4G/5G polymorphism of the plasminogen activator inhibitor-1 gene and risk of restenosis after coronary artery stenting.

Deutsches Herzzentrum München and 1. Medizinische Klinik rechts der Isar, Technische Universität München, München, Germany.
American heart journal (Impact Factor: 4.56). 11/2003; 146(5):855-61. DOI: 10.1016/S0002-8703(03)00363-6
Source: PubMed

ABSTRACT Plasminogen activator inhibitor-1 (PAI-1) has been proposed as a candidate risk factor for restenosis after coronary artery stenting. Transcription, level, and activity of PAI-1 are influenced by the 4G/5G polymorphism in the promoter region of PAI-1 gene. The polymorphism may therefore affect wound-healing processes in injured blood vessels and influence restenosis.
In 1850 consecutive patients, angiographic measures of restenosis and the clinical outcome at 30 days and 1 year after stent implantation were evaluated. Angiographic restenosis was defined as > or =50% diameter stenosis determined at follow-up angiography, performed 6 months after stenting. The 4G/5G genotypes were determined with TaqMan technique.
Among the patients, the frequency of the 4G allele was 0.55. Follow-up angiography was done in 84% of the patients. We observed restenosis in 32.5% of 4G/4G carriers, 32.2% of 4G/5G carriers, and 35.7% of 5G/5G carriers (P =.52). The occurrence of a major adverse event (death, myocardial infarction, or target vessel revascularization due to restenosis-induced ischemia) was 5.6% in 4G/4G carriers, 5.3% in 4G/5G carriers, and 4.6% in 5G/5G carriers at 30 days (P =.80), and 24.7% in 4G/4G carriers, 23.0% in 4G/5G carriers, and 26.2% in 5G/5G carriers at 1 year (P =.45).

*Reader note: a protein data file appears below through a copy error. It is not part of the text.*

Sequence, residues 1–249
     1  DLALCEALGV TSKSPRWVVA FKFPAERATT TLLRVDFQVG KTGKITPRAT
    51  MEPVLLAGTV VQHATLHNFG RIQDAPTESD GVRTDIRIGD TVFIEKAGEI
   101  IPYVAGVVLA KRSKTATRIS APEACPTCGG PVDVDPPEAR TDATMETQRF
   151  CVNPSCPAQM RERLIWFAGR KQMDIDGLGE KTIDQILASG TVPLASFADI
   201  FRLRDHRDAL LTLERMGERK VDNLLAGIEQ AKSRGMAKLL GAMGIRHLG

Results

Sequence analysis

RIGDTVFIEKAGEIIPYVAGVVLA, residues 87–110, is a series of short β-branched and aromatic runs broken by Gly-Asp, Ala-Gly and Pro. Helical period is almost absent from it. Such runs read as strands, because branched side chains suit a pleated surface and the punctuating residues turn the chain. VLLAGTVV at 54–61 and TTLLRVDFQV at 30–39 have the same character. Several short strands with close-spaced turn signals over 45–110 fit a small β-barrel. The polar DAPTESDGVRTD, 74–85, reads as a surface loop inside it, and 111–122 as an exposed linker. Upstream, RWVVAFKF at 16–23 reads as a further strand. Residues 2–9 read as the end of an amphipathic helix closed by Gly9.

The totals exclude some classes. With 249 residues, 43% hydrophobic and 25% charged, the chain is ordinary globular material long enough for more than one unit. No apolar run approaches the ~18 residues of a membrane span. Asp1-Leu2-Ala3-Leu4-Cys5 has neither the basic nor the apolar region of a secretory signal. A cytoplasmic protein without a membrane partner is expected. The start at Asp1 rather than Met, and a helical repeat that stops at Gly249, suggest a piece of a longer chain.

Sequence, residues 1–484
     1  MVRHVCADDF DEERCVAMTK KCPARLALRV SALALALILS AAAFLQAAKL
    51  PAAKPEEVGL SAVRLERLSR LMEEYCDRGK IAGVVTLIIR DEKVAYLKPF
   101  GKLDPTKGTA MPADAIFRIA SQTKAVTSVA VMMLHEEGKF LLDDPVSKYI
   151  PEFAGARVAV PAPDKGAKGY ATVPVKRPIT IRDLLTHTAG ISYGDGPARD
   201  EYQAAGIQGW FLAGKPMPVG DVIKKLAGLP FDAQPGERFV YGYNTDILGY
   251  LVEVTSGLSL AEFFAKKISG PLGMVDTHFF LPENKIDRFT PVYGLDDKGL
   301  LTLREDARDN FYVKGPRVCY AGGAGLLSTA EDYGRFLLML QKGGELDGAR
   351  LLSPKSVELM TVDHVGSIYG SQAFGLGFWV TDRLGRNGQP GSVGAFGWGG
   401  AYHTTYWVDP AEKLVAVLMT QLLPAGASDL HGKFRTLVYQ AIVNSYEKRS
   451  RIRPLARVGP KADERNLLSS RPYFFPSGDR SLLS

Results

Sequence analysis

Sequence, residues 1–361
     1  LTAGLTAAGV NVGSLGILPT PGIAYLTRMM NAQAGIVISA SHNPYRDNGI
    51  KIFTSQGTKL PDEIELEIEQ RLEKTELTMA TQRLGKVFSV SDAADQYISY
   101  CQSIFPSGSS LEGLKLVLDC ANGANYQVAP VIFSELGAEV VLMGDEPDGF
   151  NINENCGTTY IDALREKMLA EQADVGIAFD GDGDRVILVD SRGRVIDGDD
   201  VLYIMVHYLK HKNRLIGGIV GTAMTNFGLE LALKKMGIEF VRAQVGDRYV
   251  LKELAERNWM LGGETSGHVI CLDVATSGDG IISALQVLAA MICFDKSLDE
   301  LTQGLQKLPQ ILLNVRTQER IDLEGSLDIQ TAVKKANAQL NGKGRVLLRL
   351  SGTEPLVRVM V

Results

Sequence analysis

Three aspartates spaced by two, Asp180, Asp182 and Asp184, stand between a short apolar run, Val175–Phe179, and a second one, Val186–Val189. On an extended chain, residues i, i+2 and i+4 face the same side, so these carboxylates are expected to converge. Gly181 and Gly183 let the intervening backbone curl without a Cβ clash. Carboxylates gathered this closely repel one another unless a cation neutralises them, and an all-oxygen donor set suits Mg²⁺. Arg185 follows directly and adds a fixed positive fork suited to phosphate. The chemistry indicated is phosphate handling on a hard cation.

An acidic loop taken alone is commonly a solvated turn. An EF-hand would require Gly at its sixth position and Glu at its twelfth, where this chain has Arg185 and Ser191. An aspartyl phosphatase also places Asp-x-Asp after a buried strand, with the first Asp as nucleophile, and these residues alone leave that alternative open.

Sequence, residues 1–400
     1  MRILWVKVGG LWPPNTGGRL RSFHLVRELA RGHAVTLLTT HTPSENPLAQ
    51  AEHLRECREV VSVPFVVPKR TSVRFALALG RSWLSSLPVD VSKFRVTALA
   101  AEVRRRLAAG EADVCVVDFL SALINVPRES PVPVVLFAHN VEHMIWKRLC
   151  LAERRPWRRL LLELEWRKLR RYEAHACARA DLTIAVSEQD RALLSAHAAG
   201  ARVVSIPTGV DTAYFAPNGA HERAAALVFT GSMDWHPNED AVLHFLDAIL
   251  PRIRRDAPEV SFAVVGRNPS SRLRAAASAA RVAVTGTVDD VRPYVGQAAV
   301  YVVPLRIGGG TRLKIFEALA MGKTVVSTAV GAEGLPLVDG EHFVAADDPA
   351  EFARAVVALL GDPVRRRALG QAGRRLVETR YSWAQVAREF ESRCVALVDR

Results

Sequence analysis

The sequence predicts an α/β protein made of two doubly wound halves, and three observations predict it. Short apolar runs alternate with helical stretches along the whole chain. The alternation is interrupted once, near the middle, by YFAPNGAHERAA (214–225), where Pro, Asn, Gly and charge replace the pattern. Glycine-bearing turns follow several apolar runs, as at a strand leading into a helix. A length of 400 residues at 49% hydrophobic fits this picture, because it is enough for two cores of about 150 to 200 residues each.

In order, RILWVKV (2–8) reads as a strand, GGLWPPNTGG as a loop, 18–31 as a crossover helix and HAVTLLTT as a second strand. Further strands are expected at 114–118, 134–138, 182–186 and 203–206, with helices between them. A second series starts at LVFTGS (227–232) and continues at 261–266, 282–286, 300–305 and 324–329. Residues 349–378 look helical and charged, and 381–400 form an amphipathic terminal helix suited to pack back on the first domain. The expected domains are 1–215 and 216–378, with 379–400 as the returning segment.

The 4G/5G polymorphism of the PAI-1 gene is not associated with an increased risk of thrombotic and restenotic events after coronary artery stenting.


Available from: Julinda Mehilli, May 30, 2015